All tagged estate planning
As a Gen X kid with Baby Boomer parents, I have found that our generations have very different ideas when it comes to talking about death and money. Boomers often seem averse to discussing these matters, for many reasons. Sometimes they think it’s crass for their kids to be asking them about what they’re “getting.” Sometimes they feel shame about discussing money and death. Sometimes they were just raised to believe that discussion about money and death (like religion and politics) is impolite. Whatever the reasons your aging parents might have for being tough to crack when it comes to these discussions, I have some tips on how to get them to talk and do their estate planning.
It’s Back-to-School time, which means that you have to fill out those “emergency contact” forms again. It’s important that you fill them out properly, naming emergency contacts who have the legal authority to care for your kids and who know what the plan is and who they should contact if something happens to you, the parent. I thought I’d put together some tips for parents who are filling out these forms.
When your adult (18+) child is going off to college, there are three important legal documents that are important for her/him/them to execute before leaving. (Actually, anyone over age 18 needs these documents.) These documents will allow parents to help their child in the even their child has an emergency or iso other wise incapacitated and unable to manage financial and health decisions. It happens more frequently than you would think. College kids experience mental health issues, get in accidents, and get serious illnesses like meningitis. Having the correct documentation to be able to get information and act on it in vital.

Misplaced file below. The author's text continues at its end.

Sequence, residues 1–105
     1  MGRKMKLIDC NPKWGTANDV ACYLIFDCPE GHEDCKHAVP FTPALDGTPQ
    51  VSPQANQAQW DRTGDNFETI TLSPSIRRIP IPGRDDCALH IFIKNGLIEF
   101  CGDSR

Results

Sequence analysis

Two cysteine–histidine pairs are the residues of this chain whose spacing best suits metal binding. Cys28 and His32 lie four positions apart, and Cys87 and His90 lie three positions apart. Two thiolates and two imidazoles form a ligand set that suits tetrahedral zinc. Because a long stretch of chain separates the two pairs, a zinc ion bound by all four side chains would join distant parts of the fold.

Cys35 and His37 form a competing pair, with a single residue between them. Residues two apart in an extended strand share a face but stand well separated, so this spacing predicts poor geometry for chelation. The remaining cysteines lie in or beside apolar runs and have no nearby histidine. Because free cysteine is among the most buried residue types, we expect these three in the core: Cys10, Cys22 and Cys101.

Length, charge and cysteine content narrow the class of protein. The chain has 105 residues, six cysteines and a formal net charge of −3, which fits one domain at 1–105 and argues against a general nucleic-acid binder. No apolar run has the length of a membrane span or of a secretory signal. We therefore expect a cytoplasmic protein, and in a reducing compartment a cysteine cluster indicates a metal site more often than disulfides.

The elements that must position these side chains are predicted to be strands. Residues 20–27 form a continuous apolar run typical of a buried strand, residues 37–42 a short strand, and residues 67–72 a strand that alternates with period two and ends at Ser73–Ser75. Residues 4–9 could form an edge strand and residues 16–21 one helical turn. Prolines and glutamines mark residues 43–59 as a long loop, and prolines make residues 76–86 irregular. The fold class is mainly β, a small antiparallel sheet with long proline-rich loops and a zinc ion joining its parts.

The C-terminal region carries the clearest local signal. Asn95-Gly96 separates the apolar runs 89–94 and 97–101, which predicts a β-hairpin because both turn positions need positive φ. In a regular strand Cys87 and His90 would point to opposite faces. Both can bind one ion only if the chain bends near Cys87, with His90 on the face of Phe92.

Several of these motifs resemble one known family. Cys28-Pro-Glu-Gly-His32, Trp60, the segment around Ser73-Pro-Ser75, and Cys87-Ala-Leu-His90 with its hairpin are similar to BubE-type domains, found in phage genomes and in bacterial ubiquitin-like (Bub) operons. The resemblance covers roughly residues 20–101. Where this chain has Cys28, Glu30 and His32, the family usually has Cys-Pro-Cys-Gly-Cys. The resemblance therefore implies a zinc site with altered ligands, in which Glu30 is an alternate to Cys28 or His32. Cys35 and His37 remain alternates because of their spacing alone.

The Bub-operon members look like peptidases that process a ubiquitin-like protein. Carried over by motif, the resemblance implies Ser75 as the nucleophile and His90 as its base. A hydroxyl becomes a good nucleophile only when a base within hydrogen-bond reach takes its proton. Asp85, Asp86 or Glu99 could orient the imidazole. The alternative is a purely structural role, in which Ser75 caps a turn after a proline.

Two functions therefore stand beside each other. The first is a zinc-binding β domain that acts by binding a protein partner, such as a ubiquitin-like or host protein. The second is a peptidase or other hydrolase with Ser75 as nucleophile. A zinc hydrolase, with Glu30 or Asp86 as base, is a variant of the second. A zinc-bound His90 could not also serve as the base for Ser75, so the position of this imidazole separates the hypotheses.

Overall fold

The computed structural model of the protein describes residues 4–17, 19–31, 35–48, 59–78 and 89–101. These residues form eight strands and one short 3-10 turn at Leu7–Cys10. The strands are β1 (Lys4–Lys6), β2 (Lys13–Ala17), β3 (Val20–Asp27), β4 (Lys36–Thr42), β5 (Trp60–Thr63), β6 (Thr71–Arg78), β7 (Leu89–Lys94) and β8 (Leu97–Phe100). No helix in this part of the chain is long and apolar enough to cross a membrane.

Many people get the terminology mixed up when discussing estate planning, so I thought I’d break down some of the commonly confused terms: revocable living trusts, living wills, and wills. Each of these is a distinctly different thing with its own purpose.
A huge percentage of parents who haven’t done their estate planning yet are stuck on who to name as guardians for their kids. Here in Portland, Oregon, so many people have moved here from other places, and so they might not have any family in town, and they might have moved here to get away from a family or cultural dynamic that they don’t want their kids to be a part of. This makes choosing guardians difficult.
I have been watching an HBO show called Big Little Lies, which is a fantastic show, but also has some lessons on estate planning. [Spoilers!] In a recent situation this season, a character named Renata (on the left in the photo above) learns that her husband is in trouble for insider trading, and that because of the way they own their assets as a married couple in the state they live in (California), everything they have is at risk and they must declare bankruptcy and sell off everything that the bankruptcy trustee tells them to sell—their home, Renata’s wedding ring, everything. To make matters worse, Renata finds out at the bankruptcy hearing that her husband has been procuring sexual favors from the nanny and promising her additional compensation for her services. This is all a huge blow to Renata, who came from a poor background, worked for everything she built, and is now having everything taken away due to her husband’s actions.